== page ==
Dr. Ursula Running Bear on the UND campus in 2021.

participated in the studies,” notes the federal report. “These results verify the need for a comprehensive examination and report by an independent research group to assess the current

Among the report’s many recommendations to Assistant

impacts that Indian boarding schools have had on American

Secretary of Indian Affairs Bryan Newland, and ultimately the

Indians, Alaska Natives, and Native Hawaiians, including

U.S. Congress, are fuller research into federal boarding school

health, education, and economic status.”

abuses, support for Indigenous language revitalization, and the promotion of research into Indigenous health disparities.

The right direction Such a recognition, at the federal level, tells Running Bear that

“I was a little surprised, although I knew that [the schools] used

things are going in the right direction generally—not only for

harsh methodologies for kids speaking Native languages for

her research but for the nation.

example—there was imprisonment and all of these different things that occurred in boarding schools,” Running Bear sighs.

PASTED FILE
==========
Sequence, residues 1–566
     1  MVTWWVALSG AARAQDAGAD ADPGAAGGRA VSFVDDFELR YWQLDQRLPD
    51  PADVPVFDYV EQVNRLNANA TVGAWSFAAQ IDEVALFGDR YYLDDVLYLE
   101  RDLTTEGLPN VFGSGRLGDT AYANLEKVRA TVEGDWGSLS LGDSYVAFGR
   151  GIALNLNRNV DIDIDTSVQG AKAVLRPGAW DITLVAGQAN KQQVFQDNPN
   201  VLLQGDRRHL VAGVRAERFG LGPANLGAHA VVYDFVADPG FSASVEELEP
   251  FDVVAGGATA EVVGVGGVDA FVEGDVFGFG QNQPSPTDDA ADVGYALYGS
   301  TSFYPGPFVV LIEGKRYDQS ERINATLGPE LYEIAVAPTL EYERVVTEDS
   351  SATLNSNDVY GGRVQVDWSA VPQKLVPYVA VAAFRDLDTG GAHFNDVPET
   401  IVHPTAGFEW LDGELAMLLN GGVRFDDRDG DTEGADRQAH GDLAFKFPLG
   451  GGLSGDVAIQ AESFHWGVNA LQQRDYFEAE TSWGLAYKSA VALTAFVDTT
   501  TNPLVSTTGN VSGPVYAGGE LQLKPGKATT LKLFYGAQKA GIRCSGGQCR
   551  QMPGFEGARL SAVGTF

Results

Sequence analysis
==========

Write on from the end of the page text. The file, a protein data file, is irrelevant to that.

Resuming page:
“I listened in on the Oversight Hearing [Volume 1 of the

“But the fact that all of this was acknowledged in a public

Department of the Interiors’ Federal Indian Boarding School Initiative Investigative Report and Legislative Hearing to receive testimony on S.2907] with Deb Haaland, and the response

setting, in those words, was very surprising. My grandparents attended boarding schools, and then my parents’ generation and then even my own generation. So, this is a big deal.”

from the government officials that were there was quite

By Brian James Schill

amazing, very open and very supportive,” admits Running Bear, who is Sicangu Lakota from the Rosebud Reservation in South Dakota. “I get kind of emotional to think about getting this kind of support from the government to actually help us address a problem like this. Haaland and her team are going to be touring various reservations. They are going to be talking to communities and I believe getting a testimony on what occurred [at the schools].”

Editor’s note: As this magazine was going to press in Sept. 2022, UND announced the discovery of 250+ boxes of Indigenous artifacts and ancestral remains in some of its buildings. In a public statement, UND President Andrew Armacost expressed “apologies and heartfelt regrets that UND has not already repatriated these ancestors and sacred objects as they should have been years ago.” UND is coordinating the return of all artifacts and ancestors with Tribes in accordance with the Native American Graves Protection and Repatriation Act (NAGPRA).